> Gary van Staden and Majara Molupe
THE fractious coalition government in Lesotho is threatening to come apart once again after a nasty power struggle in Prime Minister Pakalitha Mosisili’s Democratic Congress (DC) party.
Mosisili sacked four cabinet ministers accused of colluding with opposition parties to unseat the governing coalition on November 10.
He also moved Deputy Prime Minister Monyane Moleleki from the police ministry. The move backfired and four other ministers resigned, including Moleleki, who claimed at least 21 members of Parliament (MPs) in the ruling coalition were ready to quit.
Then, on November 17, Mosisili was issued with a suspension letter by his own party’s National Executive Committee (NEC).
Mosisili’s response has been to call for a special general conference from December 2 – 4, at which he hopes to re-establish control. He claims the NEC had no power to suspend him.
The Southern African Development Community’s Oversight Committee to Lesotho arrived in Maseru on Monday hoping to speed up the peace process after years of coups and political assassinations.
But the new crisis engulfing Mosisili’s government overshadowed the visit and threatened to derail SADC’s mediation push.
On Tuesday, the Speaker of Parliament adjourned the sitting of the House indefinitely – avoiding a vote-of-no-confidence in her being sponsored by opposition MPs and elements of the DC.
Meanwhile, a dozen members of the opposition All Basotho Convention (ABC) have pledged allegiance to a breakaway faction of the DC. Last week, it was reported that Moleleki was already in talks with exiled opposition leader Tom Thabane to oust Mosisili.
All this comes just a few weeks after the SADC-appointed mediator, the South African Deputy President Cyril Ramaphosa, met with the opposition leaders, including Thabane, Theselle Maseribane, the leader of the Basotho National Party (BNP), and Reformed Congress of Lesotho (RCL) frontman Keketso Rantsho, to discuss stabilisation efforts in the country.
Given that the faction fighting in the ruling coalition has been common knowledge for some time, the South African meeting with the opposition leaders, including those still hiding in South Africa, may be more significant than it first appears.
Just a month earlier, under increasing pressure from South African opposition parties and the Public Protector, the South African Department of Water Affairs and Sanitation set up a task team to review tenders awarded since 2014, after growing allegations of corruption: including those around the Lesotho Highlands Water Project where delays in the R26bn project are thought to be due to the need to include LTE Consulting – a company said to be a big funder of the African National Congress (ANC).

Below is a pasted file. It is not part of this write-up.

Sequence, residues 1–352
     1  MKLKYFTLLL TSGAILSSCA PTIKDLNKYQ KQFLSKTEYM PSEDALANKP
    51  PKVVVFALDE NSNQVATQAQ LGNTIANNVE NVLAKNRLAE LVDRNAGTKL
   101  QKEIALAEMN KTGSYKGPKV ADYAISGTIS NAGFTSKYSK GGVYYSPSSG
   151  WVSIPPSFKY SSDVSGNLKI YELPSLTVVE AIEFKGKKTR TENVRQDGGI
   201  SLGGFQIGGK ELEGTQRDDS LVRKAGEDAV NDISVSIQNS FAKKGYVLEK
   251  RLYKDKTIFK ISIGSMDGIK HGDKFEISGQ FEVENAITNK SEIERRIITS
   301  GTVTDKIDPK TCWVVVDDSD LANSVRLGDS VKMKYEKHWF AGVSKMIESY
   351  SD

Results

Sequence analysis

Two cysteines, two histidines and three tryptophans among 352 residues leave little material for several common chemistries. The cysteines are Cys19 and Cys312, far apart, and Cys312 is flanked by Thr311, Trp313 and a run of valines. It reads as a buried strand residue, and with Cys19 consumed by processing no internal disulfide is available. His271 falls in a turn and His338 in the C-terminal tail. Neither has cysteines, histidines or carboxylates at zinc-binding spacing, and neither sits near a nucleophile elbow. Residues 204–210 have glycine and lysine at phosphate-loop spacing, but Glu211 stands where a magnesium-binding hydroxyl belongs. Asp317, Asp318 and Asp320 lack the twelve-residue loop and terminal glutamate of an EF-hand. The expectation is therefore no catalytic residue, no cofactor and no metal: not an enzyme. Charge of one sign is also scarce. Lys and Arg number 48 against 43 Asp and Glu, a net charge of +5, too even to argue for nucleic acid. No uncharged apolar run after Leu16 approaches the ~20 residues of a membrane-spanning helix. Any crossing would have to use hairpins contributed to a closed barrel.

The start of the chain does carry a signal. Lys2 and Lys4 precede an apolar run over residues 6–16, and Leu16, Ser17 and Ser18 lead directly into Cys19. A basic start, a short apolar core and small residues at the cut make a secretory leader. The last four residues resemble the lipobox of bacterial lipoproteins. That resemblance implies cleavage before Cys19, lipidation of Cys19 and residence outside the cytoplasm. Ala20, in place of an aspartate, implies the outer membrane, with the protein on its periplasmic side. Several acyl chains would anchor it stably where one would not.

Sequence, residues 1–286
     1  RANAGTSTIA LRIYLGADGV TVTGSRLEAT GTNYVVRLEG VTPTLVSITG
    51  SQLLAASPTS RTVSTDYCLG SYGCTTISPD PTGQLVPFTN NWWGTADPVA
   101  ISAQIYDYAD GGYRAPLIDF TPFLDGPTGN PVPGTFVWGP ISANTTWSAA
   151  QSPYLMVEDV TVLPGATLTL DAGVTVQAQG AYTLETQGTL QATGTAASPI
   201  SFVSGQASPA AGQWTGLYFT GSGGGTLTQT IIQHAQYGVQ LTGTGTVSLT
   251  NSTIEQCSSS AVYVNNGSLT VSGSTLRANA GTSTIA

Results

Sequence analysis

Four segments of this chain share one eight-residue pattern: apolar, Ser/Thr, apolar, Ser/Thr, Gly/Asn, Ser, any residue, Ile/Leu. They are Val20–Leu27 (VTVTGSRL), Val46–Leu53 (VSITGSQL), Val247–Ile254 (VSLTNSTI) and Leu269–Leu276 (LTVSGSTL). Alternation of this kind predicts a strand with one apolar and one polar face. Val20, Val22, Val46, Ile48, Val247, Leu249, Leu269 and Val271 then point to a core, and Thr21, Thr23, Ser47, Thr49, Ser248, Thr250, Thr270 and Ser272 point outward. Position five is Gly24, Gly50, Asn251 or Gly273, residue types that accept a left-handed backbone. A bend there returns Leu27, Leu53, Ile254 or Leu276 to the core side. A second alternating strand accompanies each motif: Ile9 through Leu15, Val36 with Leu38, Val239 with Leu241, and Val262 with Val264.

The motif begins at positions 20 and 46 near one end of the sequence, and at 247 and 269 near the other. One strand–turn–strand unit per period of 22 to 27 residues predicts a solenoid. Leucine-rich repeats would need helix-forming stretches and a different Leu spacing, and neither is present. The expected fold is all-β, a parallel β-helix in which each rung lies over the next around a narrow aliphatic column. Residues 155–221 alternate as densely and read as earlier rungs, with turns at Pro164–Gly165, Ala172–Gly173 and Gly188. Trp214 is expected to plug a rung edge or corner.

The lucrative deals available to Lesotho business and political leaders have been pinned as a key consideration in the on-going political instability in Lesotho, with rival parties and elites competing for control and access.
Ousted former prime minister and now a key player in the fresh instability in Lesotho, Thabane, has long been deemed by political parties in Lesotho to be South Africa’s preferred prime minister, an issue that arose several times during SADC intervention in the mountain kingdom.
It now appears certain that Thabane and the other ‘exiled’ leaders will swiftly return home suddenly feeling safe again with the recent resignation of army commander Lieutenant General Tlali Kamoli providing a convenient excuse.
Not that the ruling coalition needs much encouragement to fall apart.
The DC has slowly disintegrated under increasing factionalism. For several months now, Moleleki has been the leading instigator following a fallout with Mosisili. Unhappiness in the coalition, and specifically in the DC, is claimed to centre on economic issues and a decline in the rule of law.
The power agenda, however, appears to be the real motivation.
Advocate Holo Nyane, a constitutional lawyer at the National University of Lesotho, told The Southern Times that defections in the DC had destabilised parliament and the government.
Nyane noted that since the DC’s NEC has not only pulled out of the government but also decided to sit at the cross bench in parliament, it will have a direct bearing on the coalition government.
“The bench majority in parliament is 61 seats and this means if some Members of Parliament have decided to pull out of the government, this will definitely affect the government.
This coalition government was made up of different political parties with a total of 65 seats. Therefore this means if there are some DC members who have pulled out of the government, this poses a threat to the government,” he said.
He maintained that the suspension of the Prime Minister by his own party spells a crisis in the government, adding that things could get worse if there is a motion of no confidence against the government, which appears to have been thwarted – for now – by the adjourning of Parliament until next year.
After coming to a head last week, Moleleki said at the weekend that Lesotho needed a broad-based and strong government of national unity to replace the current administration.
“I invite all parties represented in the national assembly, including the opposition, to approach us to talk about how we can take this country forward,” Moleleki told local media.
One of the key demands of the SADC probe was that Lt. General Kamoli be removed as Lesotho Defence Force (LDF) commander.
After lengthy delays and some side-steps, it was announced last week that the controversial soldier was to step down on December 1, after protracted and apparently expensive negotiations with government officials.
The power struggles in the ruling party may well result in yet another coalition government, perhaps within days or weeks. That holds no promise of greater stability – just another phase in an unending cycle. – NKC African Economics